If you’re not as picky as I am and you don’t really care about the size, layout, quality, or location of your house, then not long at all. You can start looking and just buy the first one you come across. However, if you’re even a little like me, I’d say at least a few months, depending on how intensely you are looking. We had been looking for about a year before we finally found and purchased our house.
Q: Where will I have to go to do all the paperwork?
Honestly, this wouldn’t be China if the process was streamlined and straightforward and the various offices related to housing were all located near one another, would it? We had to make appearances at (in no particular order, and sometimes more than once): a tax office, an office to print new blueprints and other documents and put my husband’s name on them as owner and notarize them, an office to change the name on the ownership title, three different banks, another government office to file the purchase, yet another government office where I don’t even know what we did, and the realtor’s office. And those are just the places that I went; I’m sure my husband did even more running around that I didn’t have to be present for.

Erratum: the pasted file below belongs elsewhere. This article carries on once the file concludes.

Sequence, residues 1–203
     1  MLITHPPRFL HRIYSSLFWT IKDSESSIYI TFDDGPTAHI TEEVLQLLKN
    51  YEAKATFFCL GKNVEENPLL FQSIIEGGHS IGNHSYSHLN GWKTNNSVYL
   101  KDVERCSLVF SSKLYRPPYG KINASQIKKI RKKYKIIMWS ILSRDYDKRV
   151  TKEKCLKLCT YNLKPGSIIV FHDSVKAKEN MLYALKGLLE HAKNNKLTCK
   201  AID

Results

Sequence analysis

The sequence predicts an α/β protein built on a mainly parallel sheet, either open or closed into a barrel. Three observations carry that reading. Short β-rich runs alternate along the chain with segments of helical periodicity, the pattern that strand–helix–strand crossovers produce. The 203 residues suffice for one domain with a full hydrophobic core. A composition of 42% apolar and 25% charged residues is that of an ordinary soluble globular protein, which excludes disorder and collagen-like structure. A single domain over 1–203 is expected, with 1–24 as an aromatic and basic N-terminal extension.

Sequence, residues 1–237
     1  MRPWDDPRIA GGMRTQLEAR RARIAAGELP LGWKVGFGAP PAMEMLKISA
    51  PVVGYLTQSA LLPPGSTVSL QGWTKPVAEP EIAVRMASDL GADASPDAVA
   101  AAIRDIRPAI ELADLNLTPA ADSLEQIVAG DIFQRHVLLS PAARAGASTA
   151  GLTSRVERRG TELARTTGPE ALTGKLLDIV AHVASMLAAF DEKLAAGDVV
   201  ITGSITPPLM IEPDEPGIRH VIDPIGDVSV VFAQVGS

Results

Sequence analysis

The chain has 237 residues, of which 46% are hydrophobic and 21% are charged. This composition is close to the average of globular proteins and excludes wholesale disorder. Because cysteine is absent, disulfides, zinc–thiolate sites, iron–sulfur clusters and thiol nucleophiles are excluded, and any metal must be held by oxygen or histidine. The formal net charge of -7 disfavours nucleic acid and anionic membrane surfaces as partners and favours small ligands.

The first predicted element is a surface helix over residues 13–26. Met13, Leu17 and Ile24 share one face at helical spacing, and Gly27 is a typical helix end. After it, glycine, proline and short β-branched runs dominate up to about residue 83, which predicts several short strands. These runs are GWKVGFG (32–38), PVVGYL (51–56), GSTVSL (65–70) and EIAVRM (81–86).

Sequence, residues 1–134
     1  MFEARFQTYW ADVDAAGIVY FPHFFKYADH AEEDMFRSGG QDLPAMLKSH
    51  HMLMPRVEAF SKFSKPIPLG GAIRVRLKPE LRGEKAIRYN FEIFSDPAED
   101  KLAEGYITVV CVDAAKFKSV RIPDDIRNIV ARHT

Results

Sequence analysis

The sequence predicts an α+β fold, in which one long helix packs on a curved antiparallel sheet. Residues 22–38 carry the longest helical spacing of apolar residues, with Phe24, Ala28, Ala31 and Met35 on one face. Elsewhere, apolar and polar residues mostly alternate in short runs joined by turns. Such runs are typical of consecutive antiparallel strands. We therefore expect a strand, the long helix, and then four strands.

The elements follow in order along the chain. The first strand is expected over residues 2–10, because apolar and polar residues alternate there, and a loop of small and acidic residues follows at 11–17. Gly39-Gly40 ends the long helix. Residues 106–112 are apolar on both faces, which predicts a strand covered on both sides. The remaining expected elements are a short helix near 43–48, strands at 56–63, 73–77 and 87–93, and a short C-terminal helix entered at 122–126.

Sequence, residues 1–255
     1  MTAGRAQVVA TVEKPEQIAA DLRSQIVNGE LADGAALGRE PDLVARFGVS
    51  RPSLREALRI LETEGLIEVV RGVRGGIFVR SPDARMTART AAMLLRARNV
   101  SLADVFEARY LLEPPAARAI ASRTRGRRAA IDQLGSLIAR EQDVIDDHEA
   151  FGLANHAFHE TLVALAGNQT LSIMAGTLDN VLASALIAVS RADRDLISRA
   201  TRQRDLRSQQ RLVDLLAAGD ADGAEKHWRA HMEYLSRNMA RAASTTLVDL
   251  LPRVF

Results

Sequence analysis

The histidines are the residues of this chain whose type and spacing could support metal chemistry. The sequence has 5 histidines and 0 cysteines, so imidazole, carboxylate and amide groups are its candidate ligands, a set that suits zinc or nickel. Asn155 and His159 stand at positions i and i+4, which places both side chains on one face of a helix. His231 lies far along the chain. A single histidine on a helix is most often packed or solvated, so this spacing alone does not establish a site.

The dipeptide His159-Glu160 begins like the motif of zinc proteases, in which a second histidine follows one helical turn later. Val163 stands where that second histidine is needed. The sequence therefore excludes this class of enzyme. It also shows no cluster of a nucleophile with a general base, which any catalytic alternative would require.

Q: So did you say I won’t get to see the house before I agree to purchase it? What the heck is up with that?
Chances are this could be true. Knowing there is a foreigner involved will change the dynamic of the whole process, so it might be best to stay out of sight until contracts are signed.
I didn’t go to any meetings or viewings for the house we ultimately bought (my husband did all the work, took pictures for me to look at, and drew floor plans on paper so that I could have some idea of what the place looked like). In fact, I didn’t make an appearance at all until it was absolutely necessary for me to be present, which was after the deal had been struck, the contract had been signed and we were changing the names on the house title.
Which leads you to question, I’m sure, how could I possibly agree to buy a house I’d never even seen? Warily, I suppose, is the best answer. But out of necessity as well, because, foreigner or not, that’s often the way things are done here. I wasn’t kidding when I said that most people in China simply buy a house that isn’t even built yet, based on a floor plan.
Q: What should I look for in a house in China?